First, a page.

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Burns. 2014 Nov;40(7):1267-73. doi: 10.1016/j.burns.2014.07.024. Epub 2014 Aug 27.

Topical petrolatum gel alone versus topical silver sulfadiazine with standard gauze dressings for the treatment of superficial partial thickness burns in adults: a randomized controlled trial.

Author information

1
Division of Plastic Surgery, Department of Surgery, Philippine General Hospital, University of the Philippines, Manila, Philippines. Electronic address: gsgenuino@gmail.com.
2
Division of Plastic Surgery, Department of Surgery, Philippine General Hospital, University of the Philippines, Manila, Philippines. Electronic address: rina_baluyut@yahoo.com.
3
Division of Plastic Surgery, Department of Surgery, Philippine General Hospital, University of the Philippines, Manila, Philippines. Electronic address: dreespiritu@gmail.com.
4
Department of Surgery, Philippine General Hospital, University of the Philippines, Manila, Philippines. Electronic address: melalapitan@gmail.com.
5
Department of Surgery, Philippine General Hospital, University of the Philippines, Manila, Philippines; Division of Primary Care, National University of Ireland, Galway, Ireland. Electronic address: briansbuckley@gmail.com.

Abstract

BACKGROUND:

Non-extensive superficial partial thickness burns constitute a major proportion of burns. Conventional treatment involves regular changing of absorptive dressings including the application of a topical antimicrobial, commonly silver sulfadiazine. A systematic review has found insufficient evidence to support or refute such antimicrobial prophylaxis. Another review compared silver sulfadiazine dressings with other occlusive and non-antimicrobial dressings and found insufficient evidence to guide practice. Other research has suggested that dressings with petrolatum gel are as effective as silver sulfadiazine.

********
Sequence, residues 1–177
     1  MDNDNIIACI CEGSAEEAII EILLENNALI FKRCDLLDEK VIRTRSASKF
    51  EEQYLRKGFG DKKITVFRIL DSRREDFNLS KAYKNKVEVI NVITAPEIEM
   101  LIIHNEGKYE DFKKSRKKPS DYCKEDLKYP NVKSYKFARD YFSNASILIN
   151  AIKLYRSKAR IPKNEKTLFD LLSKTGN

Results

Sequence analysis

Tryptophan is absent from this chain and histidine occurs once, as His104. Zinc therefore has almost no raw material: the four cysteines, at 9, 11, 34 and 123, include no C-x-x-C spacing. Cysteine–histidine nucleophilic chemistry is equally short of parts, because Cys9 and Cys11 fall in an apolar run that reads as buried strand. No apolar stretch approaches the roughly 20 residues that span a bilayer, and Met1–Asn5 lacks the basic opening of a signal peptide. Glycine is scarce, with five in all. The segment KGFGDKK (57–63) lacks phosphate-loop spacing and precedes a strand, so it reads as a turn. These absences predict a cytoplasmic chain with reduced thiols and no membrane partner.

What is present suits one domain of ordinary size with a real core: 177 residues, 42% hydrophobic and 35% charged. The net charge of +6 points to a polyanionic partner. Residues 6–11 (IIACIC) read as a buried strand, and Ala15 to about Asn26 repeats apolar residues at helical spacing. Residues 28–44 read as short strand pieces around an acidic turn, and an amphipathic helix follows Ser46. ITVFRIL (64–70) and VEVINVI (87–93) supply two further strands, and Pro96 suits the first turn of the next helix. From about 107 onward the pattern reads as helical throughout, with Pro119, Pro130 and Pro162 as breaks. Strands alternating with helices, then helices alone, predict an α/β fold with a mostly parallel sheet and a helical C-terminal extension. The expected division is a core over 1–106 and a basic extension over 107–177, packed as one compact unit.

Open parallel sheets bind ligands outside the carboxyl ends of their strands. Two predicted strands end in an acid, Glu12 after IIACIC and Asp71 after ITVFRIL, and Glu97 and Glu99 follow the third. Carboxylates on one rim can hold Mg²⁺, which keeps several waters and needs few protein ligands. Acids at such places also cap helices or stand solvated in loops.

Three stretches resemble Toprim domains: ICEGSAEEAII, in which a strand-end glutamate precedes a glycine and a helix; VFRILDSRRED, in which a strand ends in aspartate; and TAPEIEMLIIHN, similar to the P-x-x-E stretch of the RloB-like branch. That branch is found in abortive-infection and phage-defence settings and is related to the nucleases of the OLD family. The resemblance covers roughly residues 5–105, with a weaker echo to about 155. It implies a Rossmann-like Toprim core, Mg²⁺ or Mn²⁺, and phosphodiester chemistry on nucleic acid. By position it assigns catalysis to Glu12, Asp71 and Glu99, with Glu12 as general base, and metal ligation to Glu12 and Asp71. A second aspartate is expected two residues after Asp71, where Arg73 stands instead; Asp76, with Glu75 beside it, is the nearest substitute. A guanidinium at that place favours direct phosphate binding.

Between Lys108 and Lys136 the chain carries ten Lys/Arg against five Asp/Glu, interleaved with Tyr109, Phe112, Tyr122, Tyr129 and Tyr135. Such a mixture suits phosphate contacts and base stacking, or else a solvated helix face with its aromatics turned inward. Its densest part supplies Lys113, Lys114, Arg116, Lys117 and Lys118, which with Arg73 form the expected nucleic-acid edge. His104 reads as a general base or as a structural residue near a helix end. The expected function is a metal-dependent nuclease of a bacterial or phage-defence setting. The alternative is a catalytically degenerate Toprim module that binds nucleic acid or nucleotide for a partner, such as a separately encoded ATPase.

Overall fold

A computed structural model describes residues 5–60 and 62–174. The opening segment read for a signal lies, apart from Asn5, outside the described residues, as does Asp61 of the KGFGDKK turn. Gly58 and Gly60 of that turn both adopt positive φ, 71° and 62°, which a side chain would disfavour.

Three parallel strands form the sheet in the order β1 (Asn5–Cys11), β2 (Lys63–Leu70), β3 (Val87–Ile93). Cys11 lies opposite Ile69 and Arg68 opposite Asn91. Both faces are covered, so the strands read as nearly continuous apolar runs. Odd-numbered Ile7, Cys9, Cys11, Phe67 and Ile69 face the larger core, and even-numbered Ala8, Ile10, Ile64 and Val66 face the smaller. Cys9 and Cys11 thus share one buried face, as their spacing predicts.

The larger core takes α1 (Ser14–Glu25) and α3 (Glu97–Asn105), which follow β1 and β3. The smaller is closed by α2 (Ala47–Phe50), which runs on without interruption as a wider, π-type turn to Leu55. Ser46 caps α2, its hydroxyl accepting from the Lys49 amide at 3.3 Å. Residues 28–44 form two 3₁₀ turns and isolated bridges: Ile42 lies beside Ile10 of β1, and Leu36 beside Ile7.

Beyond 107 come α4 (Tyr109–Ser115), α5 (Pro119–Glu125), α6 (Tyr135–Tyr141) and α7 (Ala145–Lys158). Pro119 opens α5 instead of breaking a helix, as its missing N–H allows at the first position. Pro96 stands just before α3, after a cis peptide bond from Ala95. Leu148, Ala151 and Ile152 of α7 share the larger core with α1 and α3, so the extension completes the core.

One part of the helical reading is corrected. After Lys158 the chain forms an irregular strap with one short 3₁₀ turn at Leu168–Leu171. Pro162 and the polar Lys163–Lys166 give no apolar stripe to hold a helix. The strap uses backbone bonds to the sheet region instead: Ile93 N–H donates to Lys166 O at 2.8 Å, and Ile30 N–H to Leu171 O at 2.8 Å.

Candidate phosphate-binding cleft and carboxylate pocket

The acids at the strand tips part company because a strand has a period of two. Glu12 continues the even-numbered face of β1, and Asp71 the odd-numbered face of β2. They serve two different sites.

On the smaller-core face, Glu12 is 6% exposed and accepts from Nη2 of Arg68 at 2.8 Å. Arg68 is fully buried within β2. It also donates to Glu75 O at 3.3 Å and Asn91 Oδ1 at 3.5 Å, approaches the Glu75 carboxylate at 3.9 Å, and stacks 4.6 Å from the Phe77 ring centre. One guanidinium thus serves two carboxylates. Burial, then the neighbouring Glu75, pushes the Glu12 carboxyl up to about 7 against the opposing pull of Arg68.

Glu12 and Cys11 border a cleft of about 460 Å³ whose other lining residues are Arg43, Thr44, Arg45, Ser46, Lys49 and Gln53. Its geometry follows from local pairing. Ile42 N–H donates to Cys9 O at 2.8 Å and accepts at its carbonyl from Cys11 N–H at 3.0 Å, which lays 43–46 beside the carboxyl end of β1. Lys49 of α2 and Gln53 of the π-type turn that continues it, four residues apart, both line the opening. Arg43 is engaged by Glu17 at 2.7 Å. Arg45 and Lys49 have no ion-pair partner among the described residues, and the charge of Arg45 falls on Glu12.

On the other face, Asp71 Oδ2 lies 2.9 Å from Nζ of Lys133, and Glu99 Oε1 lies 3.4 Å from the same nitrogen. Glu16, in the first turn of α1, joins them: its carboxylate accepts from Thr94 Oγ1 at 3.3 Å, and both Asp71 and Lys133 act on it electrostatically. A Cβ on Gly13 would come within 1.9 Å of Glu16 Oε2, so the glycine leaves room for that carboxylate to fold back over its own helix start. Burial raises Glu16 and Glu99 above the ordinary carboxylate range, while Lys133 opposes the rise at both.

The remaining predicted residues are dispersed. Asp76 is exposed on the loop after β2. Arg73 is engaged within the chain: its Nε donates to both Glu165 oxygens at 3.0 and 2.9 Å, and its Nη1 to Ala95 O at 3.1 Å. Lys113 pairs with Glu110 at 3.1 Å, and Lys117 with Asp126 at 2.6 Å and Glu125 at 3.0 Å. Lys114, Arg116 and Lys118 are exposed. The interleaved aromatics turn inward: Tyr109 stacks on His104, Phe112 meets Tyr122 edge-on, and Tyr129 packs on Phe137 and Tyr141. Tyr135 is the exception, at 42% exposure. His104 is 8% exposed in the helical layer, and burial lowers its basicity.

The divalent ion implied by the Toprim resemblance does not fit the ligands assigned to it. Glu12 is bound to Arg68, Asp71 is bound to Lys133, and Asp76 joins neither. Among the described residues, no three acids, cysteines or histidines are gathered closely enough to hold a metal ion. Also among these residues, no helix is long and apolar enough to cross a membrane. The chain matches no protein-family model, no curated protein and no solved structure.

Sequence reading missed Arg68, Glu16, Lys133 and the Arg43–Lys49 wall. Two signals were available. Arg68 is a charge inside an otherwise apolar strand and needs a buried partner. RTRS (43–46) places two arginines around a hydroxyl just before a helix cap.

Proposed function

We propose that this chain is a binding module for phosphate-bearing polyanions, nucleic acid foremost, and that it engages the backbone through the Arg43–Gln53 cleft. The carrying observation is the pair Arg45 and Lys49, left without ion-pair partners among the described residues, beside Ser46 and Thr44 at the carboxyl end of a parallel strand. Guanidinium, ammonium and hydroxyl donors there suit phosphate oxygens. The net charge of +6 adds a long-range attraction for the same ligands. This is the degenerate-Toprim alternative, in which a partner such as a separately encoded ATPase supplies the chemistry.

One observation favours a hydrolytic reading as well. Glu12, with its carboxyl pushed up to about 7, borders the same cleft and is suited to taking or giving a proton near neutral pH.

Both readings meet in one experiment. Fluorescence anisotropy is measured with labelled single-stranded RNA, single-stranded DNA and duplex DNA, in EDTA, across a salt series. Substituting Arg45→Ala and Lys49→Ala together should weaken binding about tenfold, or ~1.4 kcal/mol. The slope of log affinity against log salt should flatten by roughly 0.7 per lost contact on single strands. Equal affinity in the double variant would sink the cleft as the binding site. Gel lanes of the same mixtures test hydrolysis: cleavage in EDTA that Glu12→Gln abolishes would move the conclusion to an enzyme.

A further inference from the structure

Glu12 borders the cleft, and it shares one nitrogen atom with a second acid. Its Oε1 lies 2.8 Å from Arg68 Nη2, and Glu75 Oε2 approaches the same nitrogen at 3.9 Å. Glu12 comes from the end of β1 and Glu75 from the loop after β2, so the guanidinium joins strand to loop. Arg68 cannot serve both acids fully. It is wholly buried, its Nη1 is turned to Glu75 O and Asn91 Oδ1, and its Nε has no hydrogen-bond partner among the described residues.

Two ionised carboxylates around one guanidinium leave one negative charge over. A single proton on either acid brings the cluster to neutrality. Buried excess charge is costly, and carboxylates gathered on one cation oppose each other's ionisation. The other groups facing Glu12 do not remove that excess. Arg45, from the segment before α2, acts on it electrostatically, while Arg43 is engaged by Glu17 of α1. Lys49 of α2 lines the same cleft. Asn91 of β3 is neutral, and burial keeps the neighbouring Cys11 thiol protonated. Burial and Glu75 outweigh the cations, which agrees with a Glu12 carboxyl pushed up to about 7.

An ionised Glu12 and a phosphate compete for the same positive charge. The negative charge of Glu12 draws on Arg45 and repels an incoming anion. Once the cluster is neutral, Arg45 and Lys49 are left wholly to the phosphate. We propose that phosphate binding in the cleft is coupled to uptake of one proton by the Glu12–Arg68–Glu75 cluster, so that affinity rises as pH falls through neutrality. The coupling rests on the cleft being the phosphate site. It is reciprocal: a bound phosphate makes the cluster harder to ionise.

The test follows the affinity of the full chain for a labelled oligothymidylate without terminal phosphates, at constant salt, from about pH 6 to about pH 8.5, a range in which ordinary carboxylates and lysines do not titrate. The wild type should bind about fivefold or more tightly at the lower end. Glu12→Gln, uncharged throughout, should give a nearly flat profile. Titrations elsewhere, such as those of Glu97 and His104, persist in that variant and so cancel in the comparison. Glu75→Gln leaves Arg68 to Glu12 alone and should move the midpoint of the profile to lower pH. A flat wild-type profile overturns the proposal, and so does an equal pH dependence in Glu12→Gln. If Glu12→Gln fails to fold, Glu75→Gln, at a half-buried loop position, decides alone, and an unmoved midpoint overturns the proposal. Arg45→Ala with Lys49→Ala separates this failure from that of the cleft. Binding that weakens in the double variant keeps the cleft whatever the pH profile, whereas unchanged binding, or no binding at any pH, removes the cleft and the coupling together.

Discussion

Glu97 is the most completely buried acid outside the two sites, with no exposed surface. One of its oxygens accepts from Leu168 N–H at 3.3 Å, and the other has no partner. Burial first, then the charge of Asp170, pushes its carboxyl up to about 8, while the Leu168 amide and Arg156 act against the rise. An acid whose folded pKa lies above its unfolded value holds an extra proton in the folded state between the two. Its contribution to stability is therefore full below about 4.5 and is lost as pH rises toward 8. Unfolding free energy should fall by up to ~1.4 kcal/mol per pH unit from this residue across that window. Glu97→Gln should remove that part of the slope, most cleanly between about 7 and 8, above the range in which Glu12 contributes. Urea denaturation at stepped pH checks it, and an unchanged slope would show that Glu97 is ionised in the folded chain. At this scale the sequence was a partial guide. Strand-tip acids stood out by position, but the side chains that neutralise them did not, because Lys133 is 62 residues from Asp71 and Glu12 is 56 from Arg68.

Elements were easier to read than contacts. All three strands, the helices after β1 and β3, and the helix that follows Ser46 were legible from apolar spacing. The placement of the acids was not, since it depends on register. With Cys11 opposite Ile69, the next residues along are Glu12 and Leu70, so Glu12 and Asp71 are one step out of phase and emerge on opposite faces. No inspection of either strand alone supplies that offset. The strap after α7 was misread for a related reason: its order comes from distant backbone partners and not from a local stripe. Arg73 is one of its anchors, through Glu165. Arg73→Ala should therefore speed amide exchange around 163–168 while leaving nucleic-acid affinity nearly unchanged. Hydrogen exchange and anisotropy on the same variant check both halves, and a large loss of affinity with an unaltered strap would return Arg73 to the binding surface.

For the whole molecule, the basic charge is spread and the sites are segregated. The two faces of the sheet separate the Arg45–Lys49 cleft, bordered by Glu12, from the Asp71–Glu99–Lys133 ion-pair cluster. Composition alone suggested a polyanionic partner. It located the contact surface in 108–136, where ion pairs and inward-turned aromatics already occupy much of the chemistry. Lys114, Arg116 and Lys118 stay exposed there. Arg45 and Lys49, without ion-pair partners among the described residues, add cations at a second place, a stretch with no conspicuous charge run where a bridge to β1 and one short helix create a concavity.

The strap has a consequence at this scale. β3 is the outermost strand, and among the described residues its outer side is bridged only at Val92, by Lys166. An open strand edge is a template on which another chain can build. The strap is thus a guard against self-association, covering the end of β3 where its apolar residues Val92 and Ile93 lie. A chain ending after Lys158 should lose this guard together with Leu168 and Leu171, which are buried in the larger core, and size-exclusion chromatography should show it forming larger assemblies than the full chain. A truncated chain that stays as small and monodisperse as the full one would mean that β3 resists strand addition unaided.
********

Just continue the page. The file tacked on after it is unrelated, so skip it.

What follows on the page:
METHODS:

Single-center, randomized, controlled parallel group trial comparing conventional silver sulfadiazine dressings with treatment with petrolatum gel alone. Consenting adults 18-45 years old with superficial partial thickness burns≤10% total body surface area seen within 24h of the injury were randomized to daily dressing either with petrolatum gel without top dressings or conventional silver sulfadiazine treatment with gauze dressings. Primary outcomes were blinded assessment of time to complete re-epithelialization, wound infection or allergic contact dermatitis. Secondary outcomes included assessment of ease, time and pain of dressing changes.

RESULTS:

26 patients were randomized to petrolatum and 24 to silver sulfadiazine dressings. Follow up data available for 19 in each group. Mean time to re-epithelialization was 6.2 days (SD 2.8) in the petrolatum group and 7.8 days (SD 2.1) in the silver sulfadiazine group (p=0.050). No wound infection or dermatitis was observed in either group. Scores for adherence to wound, ease of dressing removal and time required to change dressings were significantly better in the petrolatum treatment arm (p<0.01).

CONCLUSIONS:

Petrolatum gel without top dressings may be at least as effective as silver sulfadiazine gauze dressings with regard to time to re-epithelialization, and incidence of infection and allergic contact dermatitis. Petrolatum gel appears to be an effective, affordable and widely available alternative in the treatment of minor superficial partial thickness burns in adults.

TRIAL REGISTRATION:

ClinicalTrials.gov NCT02109718.

KEYWORDS:

Dressings; Partial thickness burns; Petrolatum; Silver sulfadiazine

PMID:
25172229
DOI:
10.1016/j.burns.2014.07.024
[Indexed for MEDLINE]

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